Jul 4, 2016, 10:46 AM
Ahead of scheduled presidential, parliamentary and local government elections, over 20 journalists drawn from the print and electronic media yesterday began a four-day intensive training on election reporting.
The training, underway at the Gambia Press Union Secretariat in Bakau, is the result of a media capacity building program in The Gambia, launched in November 2010 by ICFJ with funding from the US Department of State’s Bureau of Democracy, Human Rights and Labour.
Being conducted in conjunction with the Gambia Press Union, GPU, and the Foundation for Legal Aid Research and Empowerment, FLARE, the purpose of the program is to enhance the skills of journalists (reporters and editors) working in the country, as well as strengthen the associations which represent them.
Speaking at the opening ceremony, Alieu F. Sagnia, country director of ICFJ-Gambia, said the purpose of the training course is to prepare journalists and their media houses for effective election coverage and reporting.
“It is believed that in the medium to long term, this activity will contribute towards achieving the overall program objective, which is to support the media organizations in the
He told journalists that practicing with improved skills and greater professionalism can increase their credibility, in addition to being empowered to operate effectively and efficiently in their environment.
Almami Taal, was the guest speaker, and in his keynote address underscored the importance of the training, noting that elections form part of a democratization process.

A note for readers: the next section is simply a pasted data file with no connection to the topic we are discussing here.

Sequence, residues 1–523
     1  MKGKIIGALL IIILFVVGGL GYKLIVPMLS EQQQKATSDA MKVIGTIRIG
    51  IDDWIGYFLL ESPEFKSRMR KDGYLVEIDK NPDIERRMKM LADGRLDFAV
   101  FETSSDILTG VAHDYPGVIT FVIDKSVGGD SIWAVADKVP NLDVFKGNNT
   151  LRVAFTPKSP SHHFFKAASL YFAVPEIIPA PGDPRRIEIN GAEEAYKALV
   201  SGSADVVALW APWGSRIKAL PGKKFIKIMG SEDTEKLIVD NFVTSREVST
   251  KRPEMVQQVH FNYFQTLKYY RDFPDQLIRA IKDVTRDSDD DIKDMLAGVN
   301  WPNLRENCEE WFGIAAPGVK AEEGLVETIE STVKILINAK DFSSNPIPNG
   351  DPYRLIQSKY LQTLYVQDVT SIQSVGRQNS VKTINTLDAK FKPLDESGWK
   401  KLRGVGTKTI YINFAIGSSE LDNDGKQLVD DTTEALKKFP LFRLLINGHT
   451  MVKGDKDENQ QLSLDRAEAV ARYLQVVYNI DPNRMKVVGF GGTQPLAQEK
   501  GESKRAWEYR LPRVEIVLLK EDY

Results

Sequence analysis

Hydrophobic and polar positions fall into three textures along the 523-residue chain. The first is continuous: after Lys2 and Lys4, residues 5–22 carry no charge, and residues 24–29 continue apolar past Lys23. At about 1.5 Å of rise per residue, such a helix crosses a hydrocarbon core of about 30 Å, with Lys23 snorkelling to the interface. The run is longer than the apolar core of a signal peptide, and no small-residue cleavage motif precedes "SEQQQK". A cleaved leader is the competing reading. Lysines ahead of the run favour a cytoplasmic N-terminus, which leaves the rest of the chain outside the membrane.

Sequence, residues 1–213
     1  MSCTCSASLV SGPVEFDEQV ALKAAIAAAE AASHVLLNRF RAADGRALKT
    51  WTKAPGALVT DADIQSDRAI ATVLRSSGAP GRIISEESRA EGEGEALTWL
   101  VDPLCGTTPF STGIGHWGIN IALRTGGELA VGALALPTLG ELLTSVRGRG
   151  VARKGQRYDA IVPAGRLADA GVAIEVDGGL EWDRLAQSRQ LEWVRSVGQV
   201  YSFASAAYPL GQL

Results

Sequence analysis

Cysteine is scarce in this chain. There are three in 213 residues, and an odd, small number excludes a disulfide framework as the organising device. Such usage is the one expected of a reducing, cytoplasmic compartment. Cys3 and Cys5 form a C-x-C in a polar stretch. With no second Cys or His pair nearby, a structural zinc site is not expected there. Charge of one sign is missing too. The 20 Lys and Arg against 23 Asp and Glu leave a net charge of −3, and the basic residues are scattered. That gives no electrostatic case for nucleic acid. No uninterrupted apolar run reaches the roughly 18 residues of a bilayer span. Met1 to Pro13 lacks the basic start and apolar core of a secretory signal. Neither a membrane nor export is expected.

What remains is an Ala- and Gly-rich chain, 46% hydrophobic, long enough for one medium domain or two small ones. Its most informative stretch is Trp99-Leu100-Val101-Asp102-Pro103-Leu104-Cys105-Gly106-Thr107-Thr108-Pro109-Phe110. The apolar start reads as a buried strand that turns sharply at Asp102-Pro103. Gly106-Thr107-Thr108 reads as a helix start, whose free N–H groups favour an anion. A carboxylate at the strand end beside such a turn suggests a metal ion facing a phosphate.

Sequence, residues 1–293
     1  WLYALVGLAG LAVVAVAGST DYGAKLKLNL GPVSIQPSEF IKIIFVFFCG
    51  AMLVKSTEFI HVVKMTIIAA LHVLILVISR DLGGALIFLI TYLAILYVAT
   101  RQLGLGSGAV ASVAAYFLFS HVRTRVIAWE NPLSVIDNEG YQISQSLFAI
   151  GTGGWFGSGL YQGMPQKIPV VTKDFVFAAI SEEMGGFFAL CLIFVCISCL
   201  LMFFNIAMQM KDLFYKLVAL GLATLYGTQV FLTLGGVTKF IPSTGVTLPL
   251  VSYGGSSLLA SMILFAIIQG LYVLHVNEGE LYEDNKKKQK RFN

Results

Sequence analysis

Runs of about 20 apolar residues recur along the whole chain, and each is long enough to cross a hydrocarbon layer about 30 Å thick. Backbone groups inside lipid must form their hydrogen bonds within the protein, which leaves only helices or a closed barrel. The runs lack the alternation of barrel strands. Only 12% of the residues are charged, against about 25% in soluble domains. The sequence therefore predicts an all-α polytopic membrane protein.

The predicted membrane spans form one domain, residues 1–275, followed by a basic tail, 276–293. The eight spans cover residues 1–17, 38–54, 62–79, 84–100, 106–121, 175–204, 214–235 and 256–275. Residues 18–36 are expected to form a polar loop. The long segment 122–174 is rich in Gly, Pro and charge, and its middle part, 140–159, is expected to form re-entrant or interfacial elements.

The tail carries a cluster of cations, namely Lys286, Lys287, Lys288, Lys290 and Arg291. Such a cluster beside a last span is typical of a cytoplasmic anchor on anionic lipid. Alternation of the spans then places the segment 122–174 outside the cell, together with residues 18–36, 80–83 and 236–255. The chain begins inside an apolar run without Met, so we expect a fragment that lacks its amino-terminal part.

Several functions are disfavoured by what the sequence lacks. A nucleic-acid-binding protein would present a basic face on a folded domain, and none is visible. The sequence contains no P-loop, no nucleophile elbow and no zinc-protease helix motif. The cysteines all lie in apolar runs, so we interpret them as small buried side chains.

“The privilege and responsibility of reporting the news goes hand in hand,”
He also urged journalists to practice responsible journalism as elections are not child’s play, stressing that, as journalists, they must find new ways and new paradigms of trying to deliver democracy.
Bai Emil Touray, president of the Gambia Press Union reminded journalists of the pivotal role they play, especially when it comes to election reporting and coverage.
Touray urged his colleagues to be responsible in reporting elections as journalist can fuel violence or maintain peace, through their reporting.
“The Constitution of the
The GPU president noted that the masses cannot make proper decision if they are not properly informed by journalists.
“We must also bear in mind that election is a process; it is not only campaigning or casting votes; elections goes beyond that period. Elections start the day the central statistics bureau collects census data,” he said, adding that from such census, journalists are also expected to cover registration periods which is crucial, as many election observers believe that is the time elections are rigged.
Meanwhile, the topics to be covered by the training workshop include legal principles; electoral laws of the